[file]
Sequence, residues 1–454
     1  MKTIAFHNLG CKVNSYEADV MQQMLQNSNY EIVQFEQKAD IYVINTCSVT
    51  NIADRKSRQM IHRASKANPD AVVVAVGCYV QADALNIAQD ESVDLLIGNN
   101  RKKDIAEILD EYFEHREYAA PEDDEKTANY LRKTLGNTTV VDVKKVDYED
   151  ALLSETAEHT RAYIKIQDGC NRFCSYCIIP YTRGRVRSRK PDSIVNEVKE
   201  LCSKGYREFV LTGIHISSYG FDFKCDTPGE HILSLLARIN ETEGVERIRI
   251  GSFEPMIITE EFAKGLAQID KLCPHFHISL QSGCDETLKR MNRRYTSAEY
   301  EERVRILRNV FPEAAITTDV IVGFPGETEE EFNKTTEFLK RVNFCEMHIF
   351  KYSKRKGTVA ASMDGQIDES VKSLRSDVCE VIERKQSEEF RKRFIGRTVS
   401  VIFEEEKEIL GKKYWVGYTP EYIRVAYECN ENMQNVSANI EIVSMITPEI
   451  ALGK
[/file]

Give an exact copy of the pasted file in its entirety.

Sequence, residues 1–454
     1  MKTIAFHNLG CKVNSYEADV MQQMLQNSNY EIVQFEQKAD IYVINTCSVT
    51  NIADRKSRQM IHRASKANPD AVVVAVGCYV QADALNIAQD ESVDLLIGNN
   101  RKKDIAEILD EYFEHREYAA PEDDEKTANY LRKTLGNTTV VDVKKVDYED
   151  ALLSETAEHT RAYIKIQDGC NRFCSYCIIP YTRGRVRSRK PDSIVNEVKE
   201  LCSKGYREFV LTGIHISSYG FDFKCDTPGE HILSLLARIN ETEGVERIRI
   251  GSFEPMIITE EFAKGLAQID KLCPHFHISL QSGCDETLKR MNRRYTSAEY
   301  EERVRILRNV FPEAAITTDV IVGFPGETEE EFNKTTEFLK RVNFCEMHIF
   351  KYSKRKGTVA ASMDGQIDES VKSLRSDVCE VIERKQSEEF RKRFIGRTVS
   401  VIFEEEKEIL GKKYWVGYTP EYIRVAYECN ENMQNVSANI EIVSMITPEI
   451  ALGK